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August 10, 2019

Planners must be cautious in trade terms with India


August 10, 2019

LAHORE: Pakistan took too long to suspend trade with India that was a non-starter after 1965 war. The suspension did not have much impact on the economies of both countries, as value traded was nominal compared with total trade of each country.

After Pulwama, the Indians made it impossible for Pakistani goods to land in India. First the so called Most Favoured Nation status of Pakistan was withdrawn and then punitive duties were imposed on all major export items from Pakistan. The government of Pakistan however showed restraint and placed no curbs on imports from India.

Trade between both nations stood at just $2.4 billion in 2017-18, accounting for a mere 0.31 percent of India’s total trade with the world, and just about 3.2 percent of Pakistan’s global trade. Around 80 percent of the traded goods came from India and only 20 percent exported from Pakistan.

Pakistan in 2017-18 exported cement ($78.3 million), fertilisers ($34.9 million), fruits ($112.8 million per year), chemicals ($60.4 million) and leather and allied products to India. The trade volume further declined in 2018-19 mostly impacting Pakistani exports because of Indian punitive measures.

The main items India imports are fresh fruits, cement, petroleum products, bulk minerals and ores and finished leather. The major Indian exports to Pakistan include raw cotton, cotton yarn, chemicals, plastics, manmade yarn and dyes.

Indian economic planners think much ahead of planners in Pakistan. The rapid and constant decline in Pakistani rupee was making many Pakistani products cheaper for Indian market. The Indians imposed restrictions before these products actually penetrated into their markets. The Indians also realised that after completion of CPEC they would lose the advantage of proximity of borders that reduced transport cost of goods appreciably.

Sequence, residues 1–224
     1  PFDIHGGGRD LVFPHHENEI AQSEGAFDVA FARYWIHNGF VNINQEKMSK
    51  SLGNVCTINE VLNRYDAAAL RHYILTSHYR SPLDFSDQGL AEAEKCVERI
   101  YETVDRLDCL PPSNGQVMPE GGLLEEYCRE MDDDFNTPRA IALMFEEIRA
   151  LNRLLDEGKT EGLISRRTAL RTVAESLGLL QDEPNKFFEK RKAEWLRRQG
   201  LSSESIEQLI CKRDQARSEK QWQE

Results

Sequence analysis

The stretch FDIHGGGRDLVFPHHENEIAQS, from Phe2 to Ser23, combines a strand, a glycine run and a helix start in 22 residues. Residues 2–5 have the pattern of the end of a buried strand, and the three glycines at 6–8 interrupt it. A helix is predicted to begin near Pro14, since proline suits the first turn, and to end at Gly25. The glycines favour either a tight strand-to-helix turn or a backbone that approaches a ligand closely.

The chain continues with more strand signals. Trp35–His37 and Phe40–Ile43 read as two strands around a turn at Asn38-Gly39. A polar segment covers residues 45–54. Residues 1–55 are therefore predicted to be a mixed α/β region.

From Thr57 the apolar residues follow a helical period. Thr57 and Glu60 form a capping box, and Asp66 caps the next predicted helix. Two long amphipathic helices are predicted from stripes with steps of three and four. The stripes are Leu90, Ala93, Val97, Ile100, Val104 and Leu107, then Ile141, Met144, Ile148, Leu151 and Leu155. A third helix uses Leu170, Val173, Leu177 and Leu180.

We all know that China is the cheapest supplier of goods and services to the entire world. Pakistani market before CPEC was 16,000km away from the nearest Chinese port. Even then many Chinese products and chemicals competed with the Indians. After CPEC the trade route has been reduced to 2,700km up to Karachi.

For KP and Punjab the distance is half. Indians would have otherwise lost most of Pakistani market to Chinese when CPEC became fully operative. The Indians thus knew that they are going to lose most of the Pakistani market to Chinese in two to three years.

They also knew that weak Pakistani rupee would increase Pakistani exports to India substantially so they first curbed imports and kept exporting goods to Pakistan till they lose out to Chinese.

The CPEC is a very important route and once it is fully operative, the Indians would badly need it to remain competitive in Chinese and Central Asian economies. The Indians would offer Pakistan to restart trade. Pakistani planners would have to show patience and negotiate favourable terms of trade – a trade without any implicit or explicit trade barrier. Otherwise this trade route should be denied to India.

The potential for bilateral trade between India and Pakistan is above $37 billion according to a recent study by the World Bank. We never achieved even 10 percent of this potential. India never addressed Pakistan’s concerns with regard to tariff and NTBs, especially in the textile and agriculture sectors. This is the reason that a large section of Pakistani businesses were apprehensive about opening up their markets to India.

The history of trade between Pakistan and India speaks volumes about the distrust that each has against the other. In the first 18 years after independence (1947-1965), particularly in the beginning of this period, the two countries and their economies were reasonably integrated, buoyed by an India and Pakistan standstill agreement under which goods from one country to another were exempted from customs duty.

In addition, there were few visa restrictions. The closeness of ties is reflected by the fact that, in the immediate aftermath of independence, the volume of trade was quite high. The high volume of trade is mirrored in high shares in total import and export of the two countries. During 1948-49 period 23.60 percent of Indian exports were to Pakistan while 50.60 percent of its imports came from Pakistan.

This trend depicted the integration of regional economy. The 1965 war put a stop to this trade and when it was resumed a decade later, Indian exports accounted for only to 1.3 percent of its total exports and 0.6 percent of total Indian imports in 1975-76.